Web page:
And here it begins - the sequel to the Chronicles of the Second Age.
Ten Thousand Virtues strolled through the darkened throne room of the Onyx Palace, glancing around with some appreciation. It never ceased to amaze him how greatly it differed from his prior place of business, and he spent a few moments reflecting on his good fortune, looking over the ornate throne that the Bodhisattva Anointed By Dark Waters had once sat in â€“ until two months earlier, when his own Sidereal advisors had turned on him and caused his demise.
Virtues shook his head solemnly. He could have warned the Silver Prince, if he had believed that the Deathlord would listen. Of the four Sidereals who claimed to serve the Neverborn, to understand the need to end the putrid squalling of the world, only Ten Thousand Virtues had proven true. The others had been traitors to the cause, their allegiance still held in truth by the Bureau of Destiny. Virtues had never trusted those supposed ronin, but he had little influence with the other Deathlords. As an assumed minion of the Bishop of the Chalcedony Thurible, anything that he suggested was dismissed by arrogant fools as intended to weaken their own forces.
His face twisted in annoyance, thinking of the infighting that had led to the fall of the Deathlords. In many ways, they were just the same as the Solars whose ghosts had become them. He stepped forwards, running a hand over the obsidian arms of the resplendent throne. It was fashioned in an approximation of the Scarlet Throne, but with only a single dragonâ€™s head â€“ one coiling upwards, and then looking down across the courtroom, its mouth opening to swallow the world. Virtues chuckled, looking over it. The Silver Prince had been arrogant, but he knew style.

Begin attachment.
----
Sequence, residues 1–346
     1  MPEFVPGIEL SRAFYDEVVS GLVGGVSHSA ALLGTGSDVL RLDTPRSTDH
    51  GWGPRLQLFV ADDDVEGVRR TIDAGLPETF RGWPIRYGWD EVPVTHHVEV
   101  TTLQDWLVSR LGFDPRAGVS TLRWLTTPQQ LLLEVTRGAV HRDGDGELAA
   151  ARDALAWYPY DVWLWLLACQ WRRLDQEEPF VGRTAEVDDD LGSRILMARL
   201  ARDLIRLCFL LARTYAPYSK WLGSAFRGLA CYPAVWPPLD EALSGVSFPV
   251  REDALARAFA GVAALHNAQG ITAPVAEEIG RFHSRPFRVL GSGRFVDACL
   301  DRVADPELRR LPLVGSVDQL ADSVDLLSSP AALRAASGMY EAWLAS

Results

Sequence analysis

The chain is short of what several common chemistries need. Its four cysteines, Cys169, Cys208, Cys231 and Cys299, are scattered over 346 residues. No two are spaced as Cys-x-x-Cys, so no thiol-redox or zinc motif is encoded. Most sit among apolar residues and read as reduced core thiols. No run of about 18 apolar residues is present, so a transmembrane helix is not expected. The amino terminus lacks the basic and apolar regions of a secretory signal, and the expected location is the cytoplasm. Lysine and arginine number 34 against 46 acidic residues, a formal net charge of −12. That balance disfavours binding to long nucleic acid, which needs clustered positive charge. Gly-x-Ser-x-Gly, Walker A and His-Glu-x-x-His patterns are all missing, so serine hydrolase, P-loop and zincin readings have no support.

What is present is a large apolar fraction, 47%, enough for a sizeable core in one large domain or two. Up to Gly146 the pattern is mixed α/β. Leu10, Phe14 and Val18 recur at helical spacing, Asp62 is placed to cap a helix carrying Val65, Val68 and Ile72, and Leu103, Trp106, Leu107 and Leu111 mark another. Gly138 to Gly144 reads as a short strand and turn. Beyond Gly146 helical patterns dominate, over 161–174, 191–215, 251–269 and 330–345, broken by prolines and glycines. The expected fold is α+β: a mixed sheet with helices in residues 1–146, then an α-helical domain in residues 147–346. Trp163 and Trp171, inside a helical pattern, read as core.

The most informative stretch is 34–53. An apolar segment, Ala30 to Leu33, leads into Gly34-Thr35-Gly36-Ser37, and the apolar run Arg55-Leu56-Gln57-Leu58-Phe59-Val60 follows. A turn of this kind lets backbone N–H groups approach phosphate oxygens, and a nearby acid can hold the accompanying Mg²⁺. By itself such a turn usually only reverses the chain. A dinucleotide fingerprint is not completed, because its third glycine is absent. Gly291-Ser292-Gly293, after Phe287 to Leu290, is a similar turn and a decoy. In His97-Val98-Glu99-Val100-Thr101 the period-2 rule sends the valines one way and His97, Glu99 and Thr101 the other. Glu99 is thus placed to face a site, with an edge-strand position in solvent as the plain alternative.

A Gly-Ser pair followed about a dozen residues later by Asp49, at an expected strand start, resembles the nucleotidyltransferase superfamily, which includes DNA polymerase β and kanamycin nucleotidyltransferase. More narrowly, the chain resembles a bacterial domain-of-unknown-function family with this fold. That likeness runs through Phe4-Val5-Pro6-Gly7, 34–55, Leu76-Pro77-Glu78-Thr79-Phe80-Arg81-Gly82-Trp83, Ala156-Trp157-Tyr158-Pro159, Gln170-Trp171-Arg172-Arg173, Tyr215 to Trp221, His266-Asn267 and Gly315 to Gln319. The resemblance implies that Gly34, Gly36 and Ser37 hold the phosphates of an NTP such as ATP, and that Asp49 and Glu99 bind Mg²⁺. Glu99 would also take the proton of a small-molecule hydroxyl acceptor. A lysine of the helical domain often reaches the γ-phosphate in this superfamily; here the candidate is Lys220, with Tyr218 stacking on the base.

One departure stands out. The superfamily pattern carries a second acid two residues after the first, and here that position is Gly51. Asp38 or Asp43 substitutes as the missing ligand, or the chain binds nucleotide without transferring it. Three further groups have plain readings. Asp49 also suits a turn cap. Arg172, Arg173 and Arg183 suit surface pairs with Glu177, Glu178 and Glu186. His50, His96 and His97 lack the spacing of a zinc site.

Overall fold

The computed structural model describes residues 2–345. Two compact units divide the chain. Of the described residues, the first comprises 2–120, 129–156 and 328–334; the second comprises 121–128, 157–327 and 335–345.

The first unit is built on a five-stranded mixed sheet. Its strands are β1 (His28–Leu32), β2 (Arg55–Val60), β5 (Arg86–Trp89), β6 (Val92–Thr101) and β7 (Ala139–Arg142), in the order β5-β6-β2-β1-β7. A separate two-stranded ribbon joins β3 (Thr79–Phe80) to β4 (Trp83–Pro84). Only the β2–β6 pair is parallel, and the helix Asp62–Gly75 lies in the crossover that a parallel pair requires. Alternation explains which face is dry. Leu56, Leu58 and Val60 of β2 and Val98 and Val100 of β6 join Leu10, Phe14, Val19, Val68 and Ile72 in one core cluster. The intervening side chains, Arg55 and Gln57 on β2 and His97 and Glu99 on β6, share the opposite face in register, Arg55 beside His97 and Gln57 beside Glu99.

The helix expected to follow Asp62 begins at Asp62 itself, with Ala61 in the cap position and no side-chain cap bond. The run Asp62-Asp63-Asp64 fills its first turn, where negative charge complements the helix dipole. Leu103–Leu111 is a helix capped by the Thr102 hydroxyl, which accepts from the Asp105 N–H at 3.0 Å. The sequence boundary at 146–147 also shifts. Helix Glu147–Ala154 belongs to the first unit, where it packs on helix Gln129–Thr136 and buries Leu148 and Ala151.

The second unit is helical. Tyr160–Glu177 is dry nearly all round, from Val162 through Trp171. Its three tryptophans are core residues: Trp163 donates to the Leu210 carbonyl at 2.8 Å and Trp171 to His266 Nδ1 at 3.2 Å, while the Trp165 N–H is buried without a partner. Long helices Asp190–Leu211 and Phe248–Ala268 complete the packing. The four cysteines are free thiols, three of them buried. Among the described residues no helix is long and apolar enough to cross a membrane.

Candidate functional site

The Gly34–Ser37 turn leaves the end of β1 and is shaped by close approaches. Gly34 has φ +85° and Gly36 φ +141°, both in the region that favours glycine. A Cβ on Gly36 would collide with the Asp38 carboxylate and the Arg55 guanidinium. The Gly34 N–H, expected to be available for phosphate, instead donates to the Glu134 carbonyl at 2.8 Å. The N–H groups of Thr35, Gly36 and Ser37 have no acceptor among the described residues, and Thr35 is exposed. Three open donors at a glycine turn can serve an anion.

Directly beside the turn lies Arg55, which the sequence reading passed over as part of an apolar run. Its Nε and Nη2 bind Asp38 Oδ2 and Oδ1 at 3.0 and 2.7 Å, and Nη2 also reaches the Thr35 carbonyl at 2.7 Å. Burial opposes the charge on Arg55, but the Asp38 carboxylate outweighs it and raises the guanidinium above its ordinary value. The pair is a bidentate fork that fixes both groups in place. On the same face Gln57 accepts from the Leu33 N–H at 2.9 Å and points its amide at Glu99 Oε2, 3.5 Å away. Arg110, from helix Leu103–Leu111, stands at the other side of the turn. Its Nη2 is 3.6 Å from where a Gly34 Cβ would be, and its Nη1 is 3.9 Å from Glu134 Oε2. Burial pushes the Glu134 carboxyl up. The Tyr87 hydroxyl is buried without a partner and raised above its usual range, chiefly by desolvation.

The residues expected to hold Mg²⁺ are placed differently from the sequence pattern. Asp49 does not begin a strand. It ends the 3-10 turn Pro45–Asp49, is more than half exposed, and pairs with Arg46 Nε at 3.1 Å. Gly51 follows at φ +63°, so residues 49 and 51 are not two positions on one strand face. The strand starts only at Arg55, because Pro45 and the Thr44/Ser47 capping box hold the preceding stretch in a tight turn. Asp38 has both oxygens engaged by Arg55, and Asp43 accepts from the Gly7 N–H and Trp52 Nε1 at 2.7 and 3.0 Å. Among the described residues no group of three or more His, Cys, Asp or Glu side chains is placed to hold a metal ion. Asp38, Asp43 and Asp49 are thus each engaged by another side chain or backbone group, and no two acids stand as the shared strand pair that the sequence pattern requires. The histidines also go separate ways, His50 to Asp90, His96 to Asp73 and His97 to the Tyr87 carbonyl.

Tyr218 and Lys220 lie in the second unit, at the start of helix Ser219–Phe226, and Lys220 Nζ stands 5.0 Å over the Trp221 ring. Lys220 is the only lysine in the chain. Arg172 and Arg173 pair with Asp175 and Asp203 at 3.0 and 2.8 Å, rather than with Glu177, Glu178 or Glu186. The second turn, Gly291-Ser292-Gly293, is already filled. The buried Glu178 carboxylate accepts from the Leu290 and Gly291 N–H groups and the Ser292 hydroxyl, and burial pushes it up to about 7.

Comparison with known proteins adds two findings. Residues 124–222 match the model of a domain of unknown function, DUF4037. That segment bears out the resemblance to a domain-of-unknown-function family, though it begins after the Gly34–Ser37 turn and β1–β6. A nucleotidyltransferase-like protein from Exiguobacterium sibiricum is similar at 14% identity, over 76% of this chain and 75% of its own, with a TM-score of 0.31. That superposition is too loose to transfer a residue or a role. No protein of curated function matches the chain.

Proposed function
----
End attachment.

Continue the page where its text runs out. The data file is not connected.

And now that style belonged to Virtues. The Sidereal had plenty of experience controlling the dead; the Arcane Fate that shrouded him from the living had no effect on them, and had only aided his efforts in the past. After the Bishopâ€™s unfortunate demise and the destruction of his cults, Virtues had escaped the collapse of his empire, casting his eyes towards the only major Deathlord-controlled nation to survive the fall of its master â€“ Skullstone. Here, he had quickly wrangled the native ghost-magistrates into line. The Abyssals, no longer trustworthy since he could not locate their Monstrances, had been marginalized, and although some enterprising soul had already looted the Princeâ€™s armories, there were plenty of arcane secrets left. Ten Thousand Virtues had barely scratched the surface, and was in a good position to support those Deathlords who yet lived â€“ for as long as they kept to the true goals. With a contented smile, he sat back in the chair and closed his eyes. Time enough for a moment of rest, for the lesser oblivion that gave him hints of the endless sleep to come.
â€œYouâ€™re in my chair.â€ The voice was soft and kind, gently chiding. And it was less than an inch from his ear.
Ten Thousand Virtues vaulted forwards, spinning as he landed to face the throne. The figure standing behind it stepped forwards, silver robes rippling. Even as he gaped, Virtues looked over him closely, and his voice was faint. â€œButâ€¦ you died!â€